For more than two centuries, what is possibly Mozart's most enigmatic work has both enchanted and perplexed audiences. This masterpiece relating the tragi-comic adventures of the already mythologised seducer from Seville is actually a wide-screen "grand epic" embracing the entire world. On one level it is a sensational tale of adventure laced with humour and eroticism, but on another it plays out a contest of amazing power between body and soul, and between the human and the divine.
The great opera scholar Joseph Losey said of this riveting circle dance of lust and seduction that it is "a vitriolic satire of society, full of bitterness. But it is also the story of a man who is psychologically incapable of adapting to his own time, a personality bent on pushing boundaries and who himself provokes the fulfilment of his fate."
At night Leporello, Don Giovannis servant, grumbles in front of the Commendatores palace. Soon the masked Don appears, followed by Donna Anna, the Commendatores daughter, whom he has tried to seduce. When the Commendatore appears to help her daughter, Anna runs away, and Don Giovanni kills the father. Anna now returns with her fiancé, Don Ottavio. Finding her father dead, she makes Ottavio swear vengeance on the assassin. At dawn, Donna Elvira appears, whom Don Giovanni once seduced. Giovanni escapes from the scene, while Leporello distracts her by reciting his masters long catalogue of conquests. Peasants arrive, celebrating the nuptials of their friends, Zerlina and Masetto. When Don Giovanni enters again, he pursues the bride, angering the groom, who is removed by Leporello. The Don tries to seduce Zerlina, but Elvira interrupts him, and brings Zerlina away. Elvira returns again to denounce Giovanni as a seducer, and Anna now in mourning and Ottavio also enter. Declaring Elvira mad, Giovanni leads her off. Anna realizes that Giovanni is her fathers murderer. Outside the palace, Zerlina successfully begs Masetto to forgive her apparent infidelity. Masetto hides when Don Giovanni appears, and emerges from the shadows as Giovanni corners again Zerlina. The three enter the palace together. Elvira, Anna and Ottavio arrive wearing masks and are invited to the feast by Leporello. During the festivities, Leporello entices Masetto into the dance as Giovanni draws Zerlina out of the room. When the girl cries for help, Giovanni tries to blame Leporello. But no one is convinced; Elvira, Anna and Ottavio unmask and confront Giovanni, who eventually escapes.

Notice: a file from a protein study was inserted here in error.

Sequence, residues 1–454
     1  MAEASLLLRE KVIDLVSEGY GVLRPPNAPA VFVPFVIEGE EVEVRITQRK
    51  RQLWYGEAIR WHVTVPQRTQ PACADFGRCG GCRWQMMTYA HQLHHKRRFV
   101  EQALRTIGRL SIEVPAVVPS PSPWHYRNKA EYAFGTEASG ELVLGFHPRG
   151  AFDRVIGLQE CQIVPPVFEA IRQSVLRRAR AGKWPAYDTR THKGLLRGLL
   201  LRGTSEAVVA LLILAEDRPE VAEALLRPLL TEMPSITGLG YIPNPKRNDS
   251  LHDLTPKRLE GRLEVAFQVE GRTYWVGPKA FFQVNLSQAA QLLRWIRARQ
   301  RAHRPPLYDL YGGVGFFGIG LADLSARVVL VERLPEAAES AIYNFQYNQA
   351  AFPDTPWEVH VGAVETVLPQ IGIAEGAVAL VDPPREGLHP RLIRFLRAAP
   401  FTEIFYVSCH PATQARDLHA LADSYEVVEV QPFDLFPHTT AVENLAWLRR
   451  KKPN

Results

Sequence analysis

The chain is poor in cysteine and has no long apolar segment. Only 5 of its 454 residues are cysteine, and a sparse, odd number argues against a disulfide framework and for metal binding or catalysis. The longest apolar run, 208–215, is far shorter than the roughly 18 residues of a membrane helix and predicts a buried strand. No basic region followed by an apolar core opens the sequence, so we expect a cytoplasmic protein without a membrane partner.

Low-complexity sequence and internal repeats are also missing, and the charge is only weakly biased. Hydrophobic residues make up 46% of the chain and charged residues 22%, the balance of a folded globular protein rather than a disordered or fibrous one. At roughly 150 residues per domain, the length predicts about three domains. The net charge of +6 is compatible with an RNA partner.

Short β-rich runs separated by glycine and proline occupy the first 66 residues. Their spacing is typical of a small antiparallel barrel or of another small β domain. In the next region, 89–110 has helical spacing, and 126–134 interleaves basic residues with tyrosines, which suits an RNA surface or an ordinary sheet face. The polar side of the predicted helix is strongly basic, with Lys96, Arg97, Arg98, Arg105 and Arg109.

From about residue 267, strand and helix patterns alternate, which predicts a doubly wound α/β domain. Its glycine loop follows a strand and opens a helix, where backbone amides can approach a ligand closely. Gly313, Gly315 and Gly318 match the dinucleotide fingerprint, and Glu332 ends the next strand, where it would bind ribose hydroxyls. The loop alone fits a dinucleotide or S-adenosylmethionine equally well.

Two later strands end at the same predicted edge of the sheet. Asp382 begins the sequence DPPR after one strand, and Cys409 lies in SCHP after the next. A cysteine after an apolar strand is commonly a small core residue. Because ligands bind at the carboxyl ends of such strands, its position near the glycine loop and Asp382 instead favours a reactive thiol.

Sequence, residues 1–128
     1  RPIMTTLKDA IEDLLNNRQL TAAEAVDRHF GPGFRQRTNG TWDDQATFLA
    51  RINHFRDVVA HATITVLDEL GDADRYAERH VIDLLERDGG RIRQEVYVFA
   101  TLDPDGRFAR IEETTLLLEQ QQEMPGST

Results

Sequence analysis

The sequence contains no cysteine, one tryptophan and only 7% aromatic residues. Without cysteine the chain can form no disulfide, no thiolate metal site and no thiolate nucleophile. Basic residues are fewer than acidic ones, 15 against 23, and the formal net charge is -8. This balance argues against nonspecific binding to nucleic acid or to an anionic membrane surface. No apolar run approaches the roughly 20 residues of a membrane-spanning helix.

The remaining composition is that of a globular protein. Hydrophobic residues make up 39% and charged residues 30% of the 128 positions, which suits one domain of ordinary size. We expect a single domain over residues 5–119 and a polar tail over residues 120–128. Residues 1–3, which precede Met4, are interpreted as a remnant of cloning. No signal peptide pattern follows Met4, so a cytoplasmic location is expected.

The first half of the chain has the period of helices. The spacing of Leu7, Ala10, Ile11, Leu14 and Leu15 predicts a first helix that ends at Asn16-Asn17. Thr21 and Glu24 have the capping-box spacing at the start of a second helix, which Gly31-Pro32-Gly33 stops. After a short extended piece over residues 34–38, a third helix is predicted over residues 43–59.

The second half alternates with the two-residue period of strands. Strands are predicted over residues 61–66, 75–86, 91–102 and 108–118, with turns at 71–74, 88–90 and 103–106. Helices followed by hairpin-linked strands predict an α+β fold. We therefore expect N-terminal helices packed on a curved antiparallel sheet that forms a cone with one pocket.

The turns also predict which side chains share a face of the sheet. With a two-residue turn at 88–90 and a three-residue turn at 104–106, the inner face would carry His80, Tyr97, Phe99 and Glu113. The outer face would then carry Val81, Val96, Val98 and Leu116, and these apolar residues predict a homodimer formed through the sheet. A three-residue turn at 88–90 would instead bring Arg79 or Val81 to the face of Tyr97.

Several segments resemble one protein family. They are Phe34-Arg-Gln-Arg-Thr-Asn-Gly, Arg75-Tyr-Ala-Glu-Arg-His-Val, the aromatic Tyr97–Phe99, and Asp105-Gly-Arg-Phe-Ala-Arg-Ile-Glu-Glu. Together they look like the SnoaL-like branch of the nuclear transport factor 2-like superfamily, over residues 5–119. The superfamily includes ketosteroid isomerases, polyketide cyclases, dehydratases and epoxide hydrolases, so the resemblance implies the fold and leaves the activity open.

Giovanni exchanges cloaks with Leporello to make the servant woo Elvira instead of him. The Don serenades Elviras maid. When Masetto passes with a band of armed peasants to take revenge on Giovanni, the disguised rake beats up Masetto. Zerlina tenderly consoles her betrothed. In a passageway, Elvira and Leporello are surprised by Anna, Ottavio, Zerlina and Masetto, who threaten Leporello mistaking him for the master. Frightened, he unmasks and escapes. When Anna departs, Ottavio affirms his confidence in their love. Zerlina wants to take revenge on Leporello. Elvira, frustrated at her second betrayal by the Don, voices her rage. Leporello meets his master in a cemetery, where a voice warns Giovanni of his doom. This is the statue of the Commendatore. The Don makes Leporello invite the statue for dinner. When the servant reluctantly stammers an invitation, the statue accepts. In her home, Anna, still in mourning, puts off Ottavios offer of marriage until her father is avenged. Leporello is serving Giovannis dinner when Elvira rushes in, begging the Don to reform. But he waves her out contemptuously. The Commendatores statue arrive. Giovanni refuses his warnings to repent, even in the face of death. Flames engulf him, and the sinner is dragged to hell. The other figures plan their future and recite the moral: such is the fate of a wrongdoer.